Shehadeh went back again, in 2002, to chronicling the pains and experiences he saw around him in another diary titled When the Bulbul Stopped Singing. It is the diary of Ramallah during the Israeli military re-occupation of the city in 2002 following the eruption of the second Palestinian Intifada. Shehadeh's account offered more than a simple description of a litany of tragic events. The diary sought to explore why things have come to such a point and analyzed the motives of the Israelis and the shortcomings of the failing strategies of the Palestinian leaderships. The reader is able to gain a sense of what it must have been like to live under foreign occupation, with its murderous and dehumanizing consequences. He captured Palestinians' human endurance and relied on black humor to communicate his message.
He also described his anger at the Palestinian Authority (PA) for allowing Palestinian civilians, officials, police, and militia to be killed as it continued to pursue failed methods. He pointed out that the leaders never appealed to the existing huge international support and sympathy for the Palestinians. The diary also states that no effort was made to appeal to the antigovernment sentiments in Israel itself, despite the expansionist colonialist policy of the government causing suffering to Israelis and to Palestinians. The diary was recently adapted for stage and premiered at the Traverse Theatre during the Edinburgh Fringe Festival. David Greig, the book's adapter, did not alter the original text—he only edited it into monologues for the solo protagonist. Greig, who has written a number of plays for theatre and radio, stated in the program notes that he wanted to present Shehadeh's story because it "cut through the forest of newsprint" about the conflict in Palestine. He felt that the diary offered a richer, more complex view than that of "the stone throwing rioter, the bereaved mother, the angry crowd, the martyr, the terrorist"—the usual media images of the Palestinians.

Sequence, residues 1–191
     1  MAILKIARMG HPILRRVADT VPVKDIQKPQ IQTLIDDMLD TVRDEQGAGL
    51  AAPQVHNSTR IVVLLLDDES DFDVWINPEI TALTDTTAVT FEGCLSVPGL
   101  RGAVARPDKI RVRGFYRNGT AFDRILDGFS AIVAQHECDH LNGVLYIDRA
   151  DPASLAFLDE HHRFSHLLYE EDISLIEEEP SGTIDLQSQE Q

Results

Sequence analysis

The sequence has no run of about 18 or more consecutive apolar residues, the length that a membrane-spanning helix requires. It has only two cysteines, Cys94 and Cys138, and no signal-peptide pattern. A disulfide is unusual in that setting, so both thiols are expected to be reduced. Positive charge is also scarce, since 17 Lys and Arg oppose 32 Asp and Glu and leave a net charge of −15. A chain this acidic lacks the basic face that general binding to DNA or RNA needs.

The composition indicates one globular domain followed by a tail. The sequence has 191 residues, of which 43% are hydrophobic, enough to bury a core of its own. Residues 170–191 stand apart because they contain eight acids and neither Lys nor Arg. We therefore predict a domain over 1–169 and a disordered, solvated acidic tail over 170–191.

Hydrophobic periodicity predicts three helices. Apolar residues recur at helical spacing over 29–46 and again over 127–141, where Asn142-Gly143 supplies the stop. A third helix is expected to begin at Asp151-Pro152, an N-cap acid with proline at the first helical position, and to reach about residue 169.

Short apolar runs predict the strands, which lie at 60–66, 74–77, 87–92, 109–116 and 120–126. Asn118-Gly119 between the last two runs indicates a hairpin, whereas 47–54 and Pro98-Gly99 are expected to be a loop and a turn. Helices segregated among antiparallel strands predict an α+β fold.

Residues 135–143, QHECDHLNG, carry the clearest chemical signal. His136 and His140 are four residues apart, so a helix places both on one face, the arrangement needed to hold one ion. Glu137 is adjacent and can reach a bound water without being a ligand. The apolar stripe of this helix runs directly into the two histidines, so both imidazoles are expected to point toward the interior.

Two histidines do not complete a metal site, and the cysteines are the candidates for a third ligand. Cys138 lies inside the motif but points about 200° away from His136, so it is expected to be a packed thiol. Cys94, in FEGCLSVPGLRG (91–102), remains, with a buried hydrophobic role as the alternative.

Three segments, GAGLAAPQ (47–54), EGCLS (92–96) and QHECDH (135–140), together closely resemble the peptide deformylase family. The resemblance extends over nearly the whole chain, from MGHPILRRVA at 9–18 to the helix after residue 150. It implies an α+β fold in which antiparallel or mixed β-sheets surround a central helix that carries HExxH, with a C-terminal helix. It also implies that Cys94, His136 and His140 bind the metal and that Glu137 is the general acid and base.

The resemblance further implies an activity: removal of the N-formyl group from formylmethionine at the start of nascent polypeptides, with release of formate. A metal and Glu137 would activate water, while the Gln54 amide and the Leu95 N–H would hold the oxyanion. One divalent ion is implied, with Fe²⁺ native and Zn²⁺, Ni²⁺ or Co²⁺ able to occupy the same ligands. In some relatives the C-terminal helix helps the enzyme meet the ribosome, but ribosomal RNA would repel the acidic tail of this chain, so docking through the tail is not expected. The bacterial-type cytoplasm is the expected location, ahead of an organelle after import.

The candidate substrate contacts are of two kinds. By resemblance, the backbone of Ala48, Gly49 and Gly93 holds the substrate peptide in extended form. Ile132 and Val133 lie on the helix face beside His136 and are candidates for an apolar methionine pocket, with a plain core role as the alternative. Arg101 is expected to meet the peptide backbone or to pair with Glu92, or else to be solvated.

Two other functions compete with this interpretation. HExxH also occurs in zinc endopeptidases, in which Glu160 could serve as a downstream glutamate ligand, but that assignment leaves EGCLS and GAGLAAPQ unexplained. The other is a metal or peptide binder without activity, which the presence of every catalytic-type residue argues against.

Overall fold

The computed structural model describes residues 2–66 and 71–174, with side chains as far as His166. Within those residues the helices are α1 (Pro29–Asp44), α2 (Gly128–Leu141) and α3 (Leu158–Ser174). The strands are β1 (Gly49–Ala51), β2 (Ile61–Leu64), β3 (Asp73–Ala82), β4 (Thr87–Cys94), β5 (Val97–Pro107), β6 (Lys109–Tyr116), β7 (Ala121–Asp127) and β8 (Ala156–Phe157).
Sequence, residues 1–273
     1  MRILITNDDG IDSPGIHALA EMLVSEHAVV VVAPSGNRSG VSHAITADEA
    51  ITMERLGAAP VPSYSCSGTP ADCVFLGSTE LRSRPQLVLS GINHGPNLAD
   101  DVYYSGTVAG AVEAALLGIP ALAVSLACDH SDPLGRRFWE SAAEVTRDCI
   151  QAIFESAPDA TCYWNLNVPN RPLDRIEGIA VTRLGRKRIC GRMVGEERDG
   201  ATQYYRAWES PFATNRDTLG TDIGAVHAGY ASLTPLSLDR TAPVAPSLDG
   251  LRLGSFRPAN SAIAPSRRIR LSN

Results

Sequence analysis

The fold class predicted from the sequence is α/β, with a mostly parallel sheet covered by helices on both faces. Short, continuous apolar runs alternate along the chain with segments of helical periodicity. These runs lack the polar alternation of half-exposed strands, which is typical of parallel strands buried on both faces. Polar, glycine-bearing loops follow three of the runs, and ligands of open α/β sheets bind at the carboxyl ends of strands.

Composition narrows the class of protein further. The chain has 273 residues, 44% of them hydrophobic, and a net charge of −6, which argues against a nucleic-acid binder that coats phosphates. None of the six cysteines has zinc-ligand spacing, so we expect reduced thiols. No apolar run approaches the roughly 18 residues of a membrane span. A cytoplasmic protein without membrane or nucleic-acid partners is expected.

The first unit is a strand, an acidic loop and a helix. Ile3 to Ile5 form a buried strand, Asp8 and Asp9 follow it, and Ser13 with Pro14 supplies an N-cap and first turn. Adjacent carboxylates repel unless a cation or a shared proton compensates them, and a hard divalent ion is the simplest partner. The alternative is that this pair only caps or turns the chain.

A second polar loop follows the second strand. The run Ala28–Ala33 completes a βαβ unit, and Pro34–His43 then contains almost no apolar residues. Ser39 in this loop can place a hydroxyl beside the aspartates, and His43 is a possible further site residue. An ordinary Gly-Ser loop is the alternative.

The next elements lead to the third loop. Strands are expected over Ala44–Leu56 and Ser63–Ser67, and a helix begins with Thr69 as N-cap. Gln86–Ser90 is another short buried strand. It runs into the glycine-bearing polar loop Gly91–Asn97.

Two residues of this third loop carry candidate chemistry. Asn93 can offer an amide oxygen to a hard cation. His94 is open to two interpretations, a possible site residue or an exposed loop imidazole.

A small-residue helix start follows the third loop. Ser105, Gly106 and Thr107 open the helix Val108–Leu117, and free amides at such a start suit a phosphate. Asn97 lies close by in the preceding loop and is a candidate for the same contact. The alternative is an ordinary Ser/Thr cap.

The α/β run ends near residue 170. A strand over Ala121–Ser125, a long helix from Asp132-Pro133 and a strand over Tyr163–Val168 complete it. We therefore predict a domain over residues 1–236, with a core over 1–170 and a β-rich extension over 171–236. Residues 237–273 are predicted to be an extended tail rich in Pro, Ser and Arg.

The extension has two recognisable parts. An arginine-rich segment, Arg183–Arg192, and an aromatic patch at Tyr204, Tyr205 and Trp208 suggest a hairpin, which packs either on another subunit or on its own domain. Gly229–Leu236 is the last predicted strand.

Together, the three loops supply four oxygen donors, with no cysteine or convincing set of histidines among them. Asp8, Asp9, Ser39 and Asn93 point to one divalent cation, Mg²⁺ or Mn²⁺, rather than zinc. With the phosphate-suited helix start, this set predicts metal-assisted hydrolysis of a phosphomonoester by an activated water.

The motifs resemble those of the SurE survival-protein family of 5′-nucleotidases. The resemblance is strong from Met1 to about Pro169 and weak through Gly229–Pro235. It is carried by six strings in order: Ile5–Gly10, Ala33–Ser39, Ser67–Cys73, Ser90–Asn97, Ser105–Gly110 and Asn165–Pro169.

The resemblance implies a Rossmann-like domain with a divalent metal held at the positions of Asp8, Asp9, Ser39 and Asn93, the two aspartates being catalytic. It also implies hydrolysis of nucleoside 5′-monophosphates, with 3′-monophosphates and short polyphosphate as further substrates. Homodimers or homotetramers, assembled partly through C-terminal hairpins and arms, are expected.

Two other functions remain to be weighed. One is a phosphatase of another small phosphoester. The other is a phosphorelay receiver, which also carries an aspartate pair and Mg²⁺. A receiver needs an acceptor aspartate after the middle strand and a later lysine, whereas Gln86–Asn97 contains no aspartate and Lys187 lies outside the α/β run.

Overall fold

In his memoir Strangers in the House: Coming of Age in Occupied Palestine, Shehadeh writes about the conflict between father and son. The memoir is suffused with the tumultuous politics of the Middle East and the Palestinian issue forms much of the fabric of the relationships that Shehadeh describes. This contributes to the multiple meanings of the title, which echoes his feelings about his family as well as the situation in Palestine in general. Strangers in the House is personal and political. The personal relationship is a photo developer for a portrait of the Palestinian tragedy as a whole. It is filled with metaphors for what was wrong with Palestinian political culture. Instead of picking themselves up and rebuilding after 1948, instead of analyzing their defeat and understanding their adversaries, they have spent the decades whining and pining, composing poetry to a lost world, believing that a rejection of compromise was evidence of virtue and wisdom.
"All that remained was a shadow life," Shehadeh writes, "'a life of dreams and anticipation and memory.'" His memoir derives its power from his willingness, rare among Palestinian writers, to probe the emotional and political limits of his own society. The story of Shehadeh's father and himself, the son, is a rare tale of principle, conviction, and kindness operating in harsh circumstances. But it is also an exceptionally sad one, as Shehadeh shows how his efforts and the efforts of his father had minimal impact—the Israeli military walked all over them, ransacked their offices, threatened their staff, and repeatedly delayed their court dates. Meanwhile, his father was ignored and condemned by the Palestinians.
Mahdi, Abdul Hadi, ed. Palestinian Personalities—A Biographic Dictionary. Jerusalem: Palestinian Academic Society for the Study of International Affairs, Jerusalem, 2006